October 4, 2013 10:36:38 AM
WASHINGTON -- President Barack Obama is canceling a trip to Asia to stay in Washington and push for an elusive funding bill to get the nation's business back up and running.
In a statement late Thursday, the White House blamed Republicans, saying the "completely avoidable" government shutdown was hurting the president's efforts to promote trade and U.S. influence in emerging world markets.
Obama's decision to skip upcoming economic summits in Indonesia and Brunei was an indication of how entrenched both sides were as the bitter partisan shutdown entered its fourth day with no end in sight.
Secretary of State John Kerry flew to Bali, Indonesia, on Friday and will head the U.S. delegation to the summits.
Lawmakers said the shutdown that started Tuesday seemed to be quickly merging with a more critical showdown over the nation's expiring line of credit, raising the stakes for the still-fragile economy.
House Republicans were keeping up a drive to open certain agencies and programs on a piecemeal basis -- a strategy rejected by the White House and Democratic allies in Congress. And furloughed federal workers were expected to get some relief with legislation authorizing back pay due for a vote on Friday or Saturday.
Obama had been set to leave Saturday night for the Pacific island getaway of Bali for a meeting of the Asia Pacific Economic Cooperation. It originally was scheduled as one of four Asian stops, and the White House announced earlier in the week that the final legs of Malaysia and the Philippines were being cut because of staffing problems due to the shutdown. Obama had held out hope that a budget deal would allow the visit to Bali and Brunei, where more economic summits were planned, but decided the cancel the entire trip Thursday.
"The cancellation of this trip is another consequence of the House Republicans forcing a shutdown of the government," White House press secretary Jay Carney said in a statement. "This completely avoidable shutdown is setting back our ability to create jobs through promotion of U.S. exports and advance U.S. leadership and interests in the largest emerging region in the world."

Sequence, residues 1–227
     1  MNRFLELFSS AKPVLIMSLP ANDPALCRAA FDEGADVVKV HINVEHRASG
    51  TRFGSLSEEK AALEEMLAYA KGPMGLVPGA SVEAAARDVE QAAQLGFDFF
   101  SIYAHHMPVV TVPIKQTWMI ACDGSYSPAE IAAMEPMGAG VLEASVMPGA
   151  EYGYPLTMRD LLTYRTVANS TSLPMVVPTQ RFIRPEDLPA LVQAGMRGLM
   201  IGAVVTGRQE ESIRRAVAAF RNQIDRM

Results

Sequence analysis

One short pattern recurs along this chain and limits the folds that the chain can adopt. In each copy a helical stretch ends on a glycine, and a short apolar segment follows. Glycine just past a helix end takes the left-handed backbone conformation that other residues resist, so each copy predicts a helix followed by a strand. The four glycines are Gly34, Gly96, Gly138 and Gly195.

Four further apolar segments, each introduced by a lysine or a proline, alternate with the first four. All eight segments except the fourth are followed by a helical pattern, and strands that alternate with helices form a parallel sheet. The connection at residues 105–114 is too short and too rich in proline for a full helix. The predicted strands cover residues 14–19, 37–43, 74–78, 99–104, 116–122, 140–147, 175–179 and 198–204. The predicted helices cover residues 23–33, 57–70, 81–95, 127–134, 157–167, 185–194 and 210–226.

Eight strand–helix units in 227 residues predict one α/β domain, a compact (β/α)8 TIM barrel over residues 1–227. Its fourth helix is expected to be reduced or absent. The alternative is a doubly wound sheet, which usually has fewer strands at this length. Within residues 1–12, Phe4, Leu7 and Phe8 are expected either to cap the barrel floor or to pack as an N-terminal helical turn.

Obama has turned more personal in his criticism of Republicans for seeking to use a temporary funding bill to extract concessions on his health care law, calling out House Speaker John Boehner, R-Ohio, as standing in the way of a vote for a bill with no strings attached.
"Speaker John Boehner won't even let the bill get a yes-or-no vote, because he doesn't want to anger the extremists in his party. That's all. That's what this whole thing is about," Obama said Thursday at a campaign-style event at a Rockville, Md., construction company.
On Friday, the House planned a vote to fund a popular program providing food aid to pregnant women and their children, as well as ongoing disaster relief, continuing piecemeal efforts to finance essential and popular programs while resisting calls from Democrats to simply allow a vote on a straightforward measure to fund the government through mid-November or mid-December.
GOP leaders like Boehner originally had tried to engineer such an outcome but were forced to change course after protests from tea party lawmakers seeking to defund the president's health care law.
Obama and his Treasury Department said failure to raise the nation's borrowing limit, expected to hit its $16.7 trillion cap in mid-October, could precipitate an economic nosedive worse than the recent Great Recession. A default could cause the nation's credit markets to freeze, the value of the dollar to plummet and U.S. interest rates to skyrocket, according to a Treasury report Thursday.
Obama cataloged a litany of troubles that could be caused by the failure to raise the debt ceiling, from delayed Social Security and disability checks to worldwide economic repercussions. "If we screw up, everybody gets screwed up," he said.
The speaker's office reiterated Boehner's past assertion that he would not let the government default on its debt. "But if we're going to raise the debt limit, we need to deal with the drivers of our debt and deficits," his spokesman, Michael Steel, said. "That's why we need a bill with cuts and reforms to get our economy moving again."
Obama is pushing hard against expectations that he needs to give concessions in exchange for a normally routine stopgap funding bill. And on the separate debt limit increase, needed to make sure that the U.S. can pay all of its bills on time and in full, Democrats pointed to the debt ceiling increases they gave to former President George W. Bush without any strings attached.
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